Latest News

We called ourselves The Food Crew

April 5th, 2019

Written by McKaylii Jawbone of Kebaowek First Nation, Water First Intern

I was a part of a two-year project to restore and enhance walleye spawning habitats in my community. Working with Ivan and Kacie made the project run so smoothly, we worked well as a team and we always had … Read More

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Put the big fish back… and other fish facts

Walleye spawn in the spring as soon as the ice is out by depositing eggs over rocks and cobble shoals. The fertilized eggs fall into the cracks and spaces between the rocks to safely incubate and hatch.

Female walleye can carry up to 26,000 eggs per pound of body weight. … Read More

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Wrap up at Kebaowek First Nation

February 8th, 2019

On January 24 people braved the freezing temperatures and gathered at the Eagle Dome at Kebaowek First Nation to celebrate the completion of the Walleye Habitat Restoration project, a partnership between Kebaowek First Nation and Water First.

Throughout the two-year project, three large walleye spawning shoals were constructed at restoration … Read More

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The Communities

The Team

  • Carli Lang, Ph.D.

    Scientific Director

  • Carli’s Ph.D. research in parasitology brought a community-based water sampling program to rural Panama, for greater understanding of the intersection between human and environmental health. At Water First she applies her experience and passion for water and community engagement in her work with First Nations communities.… Read More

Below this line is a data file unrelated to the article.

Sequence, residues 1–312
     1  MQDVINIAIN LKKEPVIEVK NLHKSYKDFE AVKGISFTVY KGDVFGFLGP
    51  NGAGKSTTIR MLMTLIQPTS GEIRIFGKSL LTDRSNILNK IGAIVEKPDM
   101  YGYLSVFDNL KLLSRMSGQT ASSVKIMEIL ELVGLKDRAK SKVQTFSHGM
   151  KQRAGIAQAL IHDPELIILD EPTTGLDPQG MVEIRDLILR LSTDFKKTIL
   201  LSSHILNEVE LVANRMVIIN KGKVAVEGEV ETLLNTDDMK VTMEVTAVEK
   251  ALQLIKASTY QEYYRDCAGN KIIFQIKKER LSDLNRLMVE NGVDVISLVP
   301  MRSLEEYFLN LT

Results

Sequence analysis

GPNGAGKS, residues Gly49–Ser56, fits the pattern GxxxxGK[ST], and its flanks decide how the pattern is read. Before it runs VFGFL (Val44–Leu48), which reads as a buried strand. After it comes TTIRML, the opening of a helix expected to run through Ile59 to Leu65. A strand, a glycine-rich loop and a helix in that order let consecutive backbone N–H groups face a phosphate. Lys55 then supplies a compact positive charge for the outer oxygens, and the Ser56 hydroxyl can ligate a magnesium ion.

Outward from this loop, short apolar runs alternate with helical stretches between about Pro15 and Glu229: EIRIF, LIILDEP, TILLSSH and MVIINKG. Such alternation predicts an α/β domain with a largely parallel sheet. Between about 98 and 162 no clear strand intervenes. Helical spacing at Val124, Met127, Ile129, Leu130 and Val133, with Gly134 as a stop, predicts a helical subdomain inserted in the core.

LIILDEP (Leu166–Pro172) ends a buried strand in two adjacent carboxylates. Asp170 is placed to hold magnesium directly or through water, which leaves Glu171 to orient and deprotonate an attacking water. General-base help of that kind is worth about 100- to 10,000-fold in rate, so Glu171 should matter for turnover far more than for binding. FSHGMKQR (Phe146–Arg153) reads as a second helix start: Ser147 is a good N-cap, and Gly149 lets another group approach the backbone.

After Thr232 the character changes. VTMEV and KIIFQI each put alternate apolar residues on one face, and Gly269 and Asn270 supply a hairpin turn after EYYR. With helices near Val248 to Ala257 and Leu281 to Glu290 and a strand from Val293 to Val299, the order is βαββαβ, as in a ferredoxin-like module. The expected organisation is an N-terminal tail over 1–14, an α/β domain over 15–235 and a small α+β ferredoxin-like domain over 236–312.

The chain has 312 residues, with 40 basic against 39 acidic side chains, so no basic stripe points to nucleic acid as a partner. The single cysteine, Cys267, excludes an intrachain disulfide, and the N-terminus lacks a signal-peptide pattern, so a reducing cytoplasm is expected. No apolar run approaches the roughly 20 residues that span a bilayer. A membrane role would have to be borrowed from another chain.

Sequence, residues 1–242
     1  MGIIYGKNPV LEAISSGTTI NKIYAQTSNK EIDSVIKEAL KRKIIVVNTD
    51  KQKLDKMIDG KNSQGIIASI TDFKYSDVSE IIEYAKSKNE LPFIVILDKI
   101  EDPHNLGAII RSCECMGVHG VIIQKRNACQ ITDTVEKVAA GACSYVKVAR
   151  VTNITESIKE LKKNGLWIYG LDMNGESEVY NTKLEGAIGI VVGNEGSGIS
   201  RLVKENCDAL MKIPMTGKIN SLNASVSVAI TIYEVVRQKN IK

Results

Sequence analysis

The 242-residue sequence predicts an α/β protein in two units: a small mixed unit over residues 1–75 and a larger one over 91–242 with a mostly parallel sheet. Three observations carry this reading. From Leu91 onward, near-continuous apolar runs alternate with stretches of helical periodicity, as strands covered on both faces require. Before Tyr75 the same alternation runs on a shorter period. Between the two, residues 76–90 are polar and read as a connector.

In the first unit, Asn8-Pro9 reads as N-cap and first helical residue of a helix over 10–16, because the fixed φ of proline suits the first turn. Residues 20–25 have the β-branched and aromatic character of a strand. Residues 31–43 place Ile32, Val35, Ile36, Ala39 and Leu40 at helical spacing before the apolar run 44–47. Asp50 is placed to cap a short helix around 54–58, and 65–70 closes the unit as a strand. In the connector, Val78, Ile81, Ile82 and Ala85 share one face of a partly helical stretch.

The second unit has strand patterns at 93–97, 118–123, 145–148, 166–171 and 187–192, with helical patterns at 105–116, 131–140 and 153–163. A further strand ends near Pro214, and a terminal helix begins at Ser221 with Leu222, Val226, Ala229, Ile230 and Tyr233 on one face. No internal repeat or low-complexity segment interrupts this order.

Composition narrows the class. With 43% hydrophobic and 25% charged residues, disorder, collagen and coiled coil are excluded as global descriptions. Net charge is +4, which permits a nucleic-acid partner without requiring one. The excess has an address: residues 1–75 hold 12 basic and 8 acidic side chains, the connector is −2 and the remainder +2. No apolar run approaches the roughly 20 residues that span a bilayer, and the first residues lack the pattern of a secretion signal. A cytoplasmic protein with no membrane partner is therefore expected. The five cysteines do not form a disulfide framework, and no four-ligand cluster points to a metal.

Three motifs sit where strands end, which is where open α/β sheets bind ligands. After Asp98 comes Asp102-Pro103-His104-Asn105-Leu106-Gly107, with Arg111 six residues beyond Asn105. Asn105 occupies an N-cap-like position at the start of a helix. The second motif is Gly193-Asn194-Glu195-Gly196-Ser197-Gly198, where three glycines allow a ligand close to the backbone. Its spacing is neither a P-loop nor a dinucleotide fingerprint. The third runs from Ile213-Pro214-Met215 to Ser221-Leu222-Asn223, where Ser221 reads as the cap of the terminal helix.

• Jag Saini, B.Eng., E.I.T., O.I.T.

    Project Manager & Instructor

  • Jag has a background in chemical and environmental engineering and has experience with mining and environmental projects. Jag’s experience with cross-cultural work environments, including First Nations, together with his Operator-in-Training designation and volunteerism with Professional Engineers Ontario, position him to make valuable contributions to Water First’s work.… Read More

  • Kendra Driscoll, M.Sc., EP

    Water Quality Specialist

  • Before working for Water First, Kendra was the Environmental Coordinator for Wahnapitae First Nation, and she also taught Environmental Science at Cambrian College. Kendra has a background in water quality monitoring and environmental chemistry. She completed a Masters of Chemical Science from Laurentian University in Environmental Chemistry and is a … Read More

  • Jesse Wright, MES

    Fish Habitat Project Coordinator

  • Jesse’s professional background includes extensive work as a wilderness fishing guide and environmental educator. His work at Water First focuses on fish habitat restoration in partnership with First Nations communities. He holds a Masters Degree in Environmental Studies from York University.… Read More

  • Ryan Osman

    Water Resources Specialist

  • Ryan holds a Bachelor’s degree in an Environmental Engineering and a Master’s degree in Water Resources Engineering from the University of Guelph. Ryan’s professional background includes work in the water resources department at the Hamilton Conservation Authority, research in hydrogeology and climate change, and was a teaching assistant at the … Read More